Efforts to protect girls from risky practices, including child marriages and teen pregnancies, remain fragile with lax law enforcement of laws and policies.
Mother groups in Namatubi, Traditional Authority Mwabulambya in Chitipa District are working closely with the area’s child protection network to make laws work for the good of boys and girls.
During a visit, Lucia Simovwe, the network’s lead mother, was briefing fellow child protectors on how to handle violations of children’s rights, including teen pregnancies and pregnancies involving girls below 18.
She constantly visits various communities to sensitise parents and children to the importance of educating girls as well as dangers of child marriages and teen pregnancies.
However, Simovwe is concerned that many girls in the rural locality quit school for marriage before their 18th birthdays. The Malawi Demographic and Health Survey (MDHS) shows that almost half of Malawian women marry before reaching the legal marriageable age.
“We hear of girls elsewhere working in government or leading community development projects. But for ours, it is a dream we can only achieve if early marriages are eliminated and girls stay in school,” she says.
Restrictions to roll back the coronavirus pandemic have not deterred Simovwe and her colleagues from visiting families reported to have allowed minors to marry. They work with village heads to enforce child protection by-laws.
The rural community registered eight child marriages since March when the government closed schools to reduce coronavirus spread.
“We have by-laws that still apply even though the children are out of school. Every parent whose child falls pregnant or goes into marriage is fined a goat,” says Simovwe.
The mother group’s work helps community members, even children, understand the dangers of risky sexual acts that result in school dropout rates, teen pregnancies, child marriages and sexually transmitted infections, including HIV.
“We have to continue this work, including our meetings to assess on child protection issues because the pandemic will end, but we cannot leave our children at risk of all forms of child abuse,” Simovwe says.
The mother groups’ efforts to create safe spaces for girls have given rise to study clubs to support girls with learning difficulties.
Magdalena Musaku, a Form One student at Namatubi Community Day Secondary School, works closely with the child protection network.
She dreams of becoming a police officer to enforce laws and safeguard rights of children, particularly girls.
“I don’t see a lot of police officers coming to investigate cases of child abuse, especially girls impregnated by older men” she says.
Magdalena wants an end to cultural setbacks that force girls to quit schooling. She reckons her area is short on role models and mentors to give girls signposts to success.
“This is why most girls lose focus and concentration on their education,” she explains.
With the closure of schools, Magdalena and her peers meet to discuss academic work in study clubs formed to keep learners active until schools reopen.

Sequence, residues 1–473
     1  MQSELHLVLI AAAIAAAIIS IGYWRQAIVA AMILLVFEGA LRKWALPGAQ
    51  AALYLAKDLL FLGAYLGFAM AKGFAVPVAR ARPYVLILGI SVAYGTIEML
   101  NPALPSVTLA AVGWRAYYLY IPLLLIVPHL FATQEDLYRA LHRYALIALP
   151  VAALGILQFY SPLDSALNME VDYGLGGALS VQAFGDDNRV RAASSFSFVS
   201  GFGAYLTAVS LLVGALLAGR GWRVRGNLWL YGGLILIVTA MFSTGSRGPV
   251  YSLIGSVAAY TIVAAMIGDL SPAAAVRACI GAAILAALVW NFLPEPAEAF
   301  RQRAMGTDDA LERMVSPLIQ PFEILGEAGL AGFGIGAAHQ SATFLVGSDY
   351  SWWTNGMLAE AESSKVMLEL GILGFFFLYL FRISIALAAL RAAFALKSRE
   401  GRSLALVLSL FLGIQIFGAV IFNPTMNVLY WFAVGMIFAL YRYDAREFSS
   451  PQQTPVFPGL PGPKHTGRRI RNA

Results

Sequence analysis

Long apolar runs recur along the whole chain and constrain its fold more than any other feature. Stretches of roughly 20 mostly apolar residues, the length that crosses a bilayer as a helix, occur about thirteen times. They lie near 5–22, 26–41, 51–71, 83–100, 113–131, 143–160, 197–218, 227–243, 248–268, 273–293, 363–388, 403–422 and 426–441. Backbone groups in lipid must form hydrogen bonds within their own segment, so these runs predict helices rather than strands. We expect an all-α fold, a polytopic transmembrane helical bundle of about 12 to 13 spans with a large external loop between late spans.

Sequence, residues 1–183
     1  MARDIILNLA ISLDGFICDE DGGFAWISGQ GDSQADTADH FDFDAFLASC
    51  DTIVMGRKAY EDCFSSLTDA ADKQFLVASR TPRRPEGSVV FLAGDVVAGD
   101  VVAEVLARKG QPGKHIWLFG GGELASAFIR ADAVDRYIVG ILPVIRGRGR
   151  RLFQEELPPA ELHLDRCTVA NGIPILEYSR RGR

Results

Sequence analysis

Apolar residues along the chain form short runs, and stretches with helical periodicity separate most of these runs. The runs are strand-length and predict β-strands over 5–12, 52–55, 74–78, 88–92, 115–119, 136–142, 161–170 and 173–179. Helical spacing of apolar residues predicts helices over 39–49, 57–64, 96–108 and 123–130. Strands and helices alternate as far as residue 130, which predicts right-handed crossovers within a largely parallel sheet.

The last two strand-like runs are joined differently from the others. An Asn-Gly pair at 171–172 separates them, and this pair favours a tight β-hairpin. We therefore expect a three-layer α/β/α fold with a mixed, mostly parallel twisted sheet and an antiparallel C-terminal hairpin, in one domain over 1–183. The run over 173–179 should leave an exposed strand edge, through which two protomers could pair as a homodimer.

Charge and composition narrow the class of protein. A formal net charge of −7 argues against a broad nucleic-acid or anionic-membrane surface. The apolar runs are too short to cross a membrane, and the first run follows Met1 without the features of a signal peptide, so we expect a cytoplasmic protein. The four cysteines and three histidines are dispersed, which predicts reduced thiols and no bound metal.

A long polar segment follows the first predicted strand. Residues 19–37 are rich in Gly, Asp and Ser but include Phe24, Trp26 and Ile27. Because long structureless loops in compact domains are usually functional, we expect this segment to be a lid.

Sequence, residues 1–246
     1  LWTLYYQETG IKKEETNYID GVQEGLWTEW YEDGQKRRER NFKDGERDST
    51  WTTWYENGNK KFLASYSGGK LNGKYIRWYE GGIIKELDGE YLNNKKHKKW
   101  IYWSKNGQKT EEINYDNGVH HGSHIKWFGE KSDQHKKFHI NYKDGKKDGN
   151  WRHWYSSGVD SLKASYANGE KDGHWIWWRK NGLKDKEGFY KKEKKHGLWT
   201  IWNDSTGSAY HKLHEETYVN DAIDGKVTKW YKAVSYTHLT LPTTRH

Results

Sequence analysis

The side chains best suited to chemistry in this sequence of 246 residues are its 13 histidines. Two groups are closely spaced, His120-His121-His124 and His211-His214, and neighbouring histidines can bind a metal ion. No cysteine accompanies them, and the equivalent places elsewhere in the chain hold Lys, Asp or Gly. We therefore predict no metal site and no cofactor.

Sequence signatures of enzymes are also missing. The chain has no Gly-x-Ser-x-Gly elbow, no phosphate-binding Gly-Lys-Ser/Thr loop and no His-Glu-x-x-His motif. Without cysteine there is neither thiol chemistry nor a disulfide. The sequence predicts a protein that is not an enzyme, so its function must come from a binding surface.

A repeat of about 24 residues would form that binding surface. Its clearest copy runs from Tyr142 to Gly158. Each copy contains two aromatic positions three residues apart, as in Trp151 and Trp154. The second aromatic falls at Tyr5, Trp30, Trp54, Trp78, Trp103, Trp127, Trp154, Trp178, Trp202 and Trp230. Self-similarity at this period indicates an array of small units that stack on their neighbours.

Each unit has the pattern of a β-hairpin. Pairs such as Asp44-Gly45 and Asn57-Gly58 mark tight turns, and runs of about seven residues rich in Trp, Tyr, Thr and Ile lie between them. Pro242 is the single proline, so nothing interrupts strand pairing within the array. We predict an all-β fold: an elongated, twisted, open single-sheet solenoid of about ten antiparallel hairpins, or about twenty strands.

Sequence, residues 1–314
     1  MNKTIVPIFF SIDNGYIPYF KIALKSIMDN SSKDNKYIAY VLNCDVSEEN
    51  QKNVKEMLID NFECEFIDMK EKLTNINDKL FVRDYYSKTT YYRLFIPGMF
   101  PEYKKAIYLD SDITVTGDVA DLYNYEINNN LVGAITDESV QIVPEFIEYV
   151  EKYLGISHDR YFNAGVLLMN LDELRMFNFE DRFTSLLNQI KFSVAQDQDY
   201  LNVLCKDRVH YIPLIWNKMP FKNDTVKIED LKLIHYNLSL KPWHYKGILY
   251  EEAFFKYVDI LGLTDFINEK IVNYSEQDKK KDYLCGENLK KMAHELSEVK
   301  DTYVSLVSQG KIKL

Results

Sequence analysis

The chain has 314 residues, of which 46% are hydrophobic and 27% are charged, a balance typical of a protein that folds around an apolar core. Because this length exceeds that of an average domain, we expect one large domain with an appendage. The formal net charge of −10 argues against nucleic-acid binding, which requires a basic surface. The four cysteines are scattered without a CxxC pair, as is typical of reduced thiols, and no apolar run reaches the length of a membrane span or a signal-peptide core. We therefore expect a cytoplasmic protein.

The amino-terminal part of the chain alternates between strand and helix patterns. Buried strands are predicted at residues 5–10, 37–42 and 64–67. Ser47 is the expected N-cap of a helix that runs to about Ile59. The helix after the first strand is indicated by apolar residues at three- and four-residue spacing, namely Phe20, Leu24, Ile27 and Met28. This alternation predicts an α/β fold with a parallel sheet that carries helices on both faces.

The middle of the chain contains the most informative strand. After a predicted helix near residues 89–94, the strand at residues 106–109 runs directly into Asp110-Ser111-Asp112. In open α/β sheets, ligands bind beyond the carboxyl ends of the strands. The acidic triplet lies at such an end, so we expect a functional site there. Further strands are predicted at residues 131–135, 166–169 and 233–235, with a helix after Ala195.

“When classes resume, it will be easy for us to cope. The clubs also help us stay away from risky sexual practices,” she says.
Namatubi Child Protection Network’s work receives funding from Lusubilo Community Care Centre.
Makangila Mbale, project officer at Lusubilo, commends members of the network for their dedication and inroads to safeguard children’s rights.
He urges them to remain vigilant in the push to eliminate child marriages and teen marriages, which are surging during the school closure created by the pandemic discovered in China nine month ago.
“Despite the pandemic, don’t overlook child protection and promoting girls rights,” Mbale says
According to Unicef, Malawi has the world’s 12th largest prevalence of child marriages—with 42 percent of women marrying before the age of 18, according to MDHS. The nationwide survey shows a tenth of these marry before their 15th birthday.
The coronavirus pandemic and precautions have disrupted schooling, which lessens girls’ risk of marrying young and falling pregnant.
A girl who stays in school focuses more on achieving her academic qualifications and career goals, delaying her first pregnancy or marriage in the process.
This also enhances her chances and earnings in life.
However, the closure of schools has exposed gaps in child protection systems, including parenting, as all regions report a rise in teen pregnancy and child marriage.
Girls Not Brides Alliance, a global partnership to end child marriages, reports that many factors that drive child marriages in stable environments are exacerbated in emergency settings as community structures put their work on hold to address the causes of the emergency.
The challenges include disruptions in schooling and loss of household income that may lead girls to transactional sex.
The alliance’s policy brief on the coronavirus crisis recommends that all players in the humanitarian response and recovery should ensure their activities do not lead to or perpetuate further discrimination, abuse, violence, neglect or exploitation, including the practice of early and forced marriage.
As coronavirus slows national efforts to empower adolescent girls and young women, Simovwe hopes that the restrictions will not halt their efforts to ensure that no girl is left behind.